Flying Tiger Line
Pilots Association

Aircraft History

Tiger Accidents Registration Numbers
Aircraft

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Budd Conestoga Gen. -- Flying Tiger Line's first aircraft was the Budd Conestoga, an all -- stainless steel, rear--loading, twin--engine aircraft. Capable of lifting 7,000 pounds over a version of the famed DC-3. The C-47 could fly 7,500 pounds of cargo over a range of 600 miles at 150 miles per hour.
(1945 - 1947).

 

Registration Numbers

Article About Stainless Steel Budds

C-47-Flying Tiger relied heavily on the Douglas C-47, the cargo version of the famed DC-3. The C-47 could fly 7,500 pounds of cargo over a range of 600 miles at 150 miles per hour.
(1946-1951)

C-46 Gen. -- The Curtis C-46 "Commando" that Flying Tigers flew on supply missions over the Hump during World War II came home for civilian duty, joining Flying Tigers' fleet in 1949. It flew at 200 miles per hour, carried 13,000 pounds of cargo and had a range of 900 miles.
(1949 - 1961)

C-54 Gen. -- The C-54, first of the four--engine air freighters, was used by Flying Tigers in the largest, longest airlift ever flown by a private contractor -- supplying the American Occupation Forces in Japan. Flying at 210 miles per hour, the C-54 carried 20,000 pounds of cargo over a 2,000 -- mile range.
(1947 -- 1957)

The acquisition of seven DC-6s represented the largest single purchase the airline industry had ever seen. Carrying 32,000 pounds of cargo at 275 miles per hour with a 2,000 mile range, the DC-6A carried more, cheaper and faster than any other aircraft flying at the time. Carrying 50% more cargo than the DC-4 and carrying it 70 miles per hour faster, the company's gross revenues quickly reached the $25-million mark in 1953.
(1953-1958)

Constellation Gen. -- The Lockheed Super H Constellation, airlifting 43,000 pounds of freight at 300 miles per hour over a 2,500-miles range, helped Flying Tigers revolutionize the marketing map of the United States with the first nonstop, transcontinental airfreight schedules.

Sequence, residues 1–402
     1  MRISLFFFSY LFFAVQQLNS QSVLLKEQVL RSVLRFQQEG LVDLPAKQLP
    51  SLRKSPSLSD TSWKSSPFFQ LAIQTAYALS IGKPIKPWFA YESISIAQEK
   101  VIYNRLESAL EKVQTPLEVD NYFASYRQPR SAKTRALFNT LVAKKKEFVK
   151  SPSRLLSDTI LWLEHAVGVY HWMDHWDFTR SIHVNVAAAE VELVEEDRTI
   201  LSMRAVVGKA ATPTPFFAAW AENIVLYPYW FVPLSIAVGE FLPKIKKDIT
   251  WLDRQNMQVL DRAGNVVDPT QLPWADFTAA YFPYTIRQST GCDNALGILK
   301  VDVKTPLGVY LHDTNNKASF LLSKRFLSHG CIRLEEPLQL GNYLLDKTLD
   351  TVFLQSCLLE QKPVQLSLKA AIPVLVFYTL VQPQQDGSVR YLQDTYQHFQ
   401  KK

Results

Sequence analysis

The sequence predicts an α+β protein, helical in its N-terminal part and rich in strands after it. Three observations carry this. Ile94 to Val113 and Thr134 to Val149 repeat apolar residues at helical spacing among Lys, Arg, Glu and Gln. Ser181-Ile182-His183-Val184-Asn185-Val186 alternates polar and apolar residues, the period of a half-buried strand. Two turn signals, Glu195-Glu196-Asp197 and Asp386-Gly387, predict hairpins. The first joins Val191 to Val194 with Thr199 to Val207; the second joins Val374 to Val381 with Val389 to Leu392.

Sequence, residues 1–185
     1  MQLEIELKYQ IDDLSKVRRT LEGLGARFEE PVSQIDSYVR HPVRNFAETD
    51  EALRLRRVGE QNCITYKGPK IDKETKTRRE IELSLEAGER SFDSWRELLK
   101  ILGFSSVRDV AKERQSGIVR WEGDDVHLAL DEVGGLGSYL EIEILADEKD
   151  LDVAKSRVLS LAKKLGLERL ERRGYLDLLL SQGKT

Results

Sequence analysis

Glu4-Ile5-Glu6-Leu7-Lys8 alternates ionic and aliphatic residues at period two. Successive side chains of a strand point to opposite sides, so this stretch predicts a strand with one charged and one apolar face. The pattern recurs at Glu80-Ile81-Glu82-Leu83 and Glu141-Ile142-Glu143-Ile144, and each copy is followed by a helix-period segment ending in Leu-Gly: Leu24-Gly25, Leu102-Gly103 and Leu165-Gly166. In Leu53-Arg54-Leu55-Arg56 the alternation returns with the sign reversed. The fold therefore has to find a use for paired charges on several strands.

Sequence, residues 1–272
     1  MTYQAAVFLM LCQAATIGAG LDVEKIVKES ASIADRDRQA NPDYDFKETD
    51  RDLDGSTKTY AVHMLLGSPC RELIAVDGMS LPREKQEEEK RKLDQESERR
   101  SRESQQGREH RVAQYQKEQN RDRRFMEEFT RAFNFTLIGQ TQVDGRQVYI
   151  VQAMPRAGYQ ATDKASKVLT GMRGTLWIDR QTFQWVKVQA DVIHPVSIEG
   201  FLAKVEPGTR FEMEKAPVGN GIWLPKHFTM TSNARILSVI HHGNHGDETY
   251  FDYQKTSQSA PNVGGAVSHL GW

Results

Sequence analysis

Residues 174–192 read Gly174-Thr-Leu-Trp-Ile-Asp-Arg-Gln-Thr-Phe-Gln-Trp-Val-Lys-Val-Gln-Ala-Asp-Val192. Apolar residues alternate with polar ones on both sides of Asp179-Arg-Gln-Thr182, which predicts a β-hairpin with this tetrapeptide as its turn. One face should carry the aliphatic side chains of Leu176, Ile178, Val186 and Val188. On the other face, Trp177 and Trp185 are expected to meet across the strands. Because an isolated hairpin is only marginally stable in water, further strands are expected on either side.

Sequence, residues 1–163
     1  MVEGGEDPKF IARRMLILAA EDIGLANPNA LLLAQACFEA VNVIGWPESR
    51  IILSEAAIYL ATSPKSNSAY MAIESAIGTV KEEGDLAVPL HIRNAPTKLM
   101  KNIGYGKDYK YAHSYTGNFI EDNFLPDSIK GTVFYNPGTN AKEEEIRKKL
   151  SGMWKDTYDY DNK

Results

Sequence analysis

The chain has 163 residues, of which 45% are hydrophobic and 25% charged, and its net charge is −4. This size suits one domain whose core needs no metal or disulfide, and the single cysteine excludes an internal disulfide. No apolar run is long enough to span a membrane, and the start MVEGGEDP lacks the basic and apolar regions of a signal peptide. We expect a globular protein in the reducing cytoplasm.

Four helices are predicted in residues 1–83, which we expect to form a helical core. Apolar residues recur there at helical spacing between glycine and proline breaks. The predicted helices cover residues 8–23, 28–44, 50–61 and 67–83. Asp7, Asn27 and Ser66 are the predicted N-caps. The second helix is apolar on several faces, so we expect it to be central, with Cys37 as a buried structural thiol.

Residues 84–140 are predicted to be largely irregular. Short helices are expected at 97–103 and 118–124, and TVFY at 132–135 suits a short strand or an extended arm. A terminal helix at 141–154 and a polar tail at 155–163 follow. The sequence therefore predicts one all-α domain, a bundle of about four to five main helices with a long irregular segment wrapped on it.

(1957 - 1967)

Super Constellation1

More Information About The Connies

N923C Atlantic Ditching

Flying Tigers acquired the first turbine-powered air-freighter placed in service when it purchased a $55-million fleet of Canadair CL-44s in 1961. With four Rolls Royce engines that developed 5,700 horsepower, it cruised at 375 miles per hour, carrying up to 60,000 pounds of cargo over a range of 3,000 miles. A true airfreighted with a unique swing-tail design, the CL-44 permitted the straight-in loading of freight no other plane could carry.
(1961 - 1969)

Flying Tigers met the challenge of the jet age with Boeing 707-349C intercontinental jets. Operated primarily on transpacific military contract routes, the planes carried 73,000 pounds of freight at 550 miles per hour over a 3,000 range. With the Boeing 707s supplemented by Canadair CL-44s, Flying Tigers supplied U.S. military forces and became the largest carrier of cargo in the Pacific. Specifically equipped with weather monitoring equipment and scientific instrumentation, one 707 (Aircraft N322FT), gained fame as the "Pole Cat." Flying around the world over the North and South Poles, the Pole Cat set eight speed and distance records.
(1966-1969)

707

The Douglas DC-8-63F was a new breed of aircraft that had a far reaching effect on the continuing growth for the airfreight industry. The first of the "stretched" airfreights, it carried a payload of 110,000 pounds at 550 miles per hour over a 3,000 mile range. With the DC-8, Flying Tigers was able to inaugurate daily international schedules on routes linking the major markets of the U.S. and Asia.
(1968-1989)

Flying Tiger 727

B-747-100 Flying Tigers was the first airline to operate Boeing 747 passenger aircraft converted into efficient air freighters. Each of the awesome giants flies more than 200,000 pounds of cargo at 575 miles per hour over a 3,500-mile range.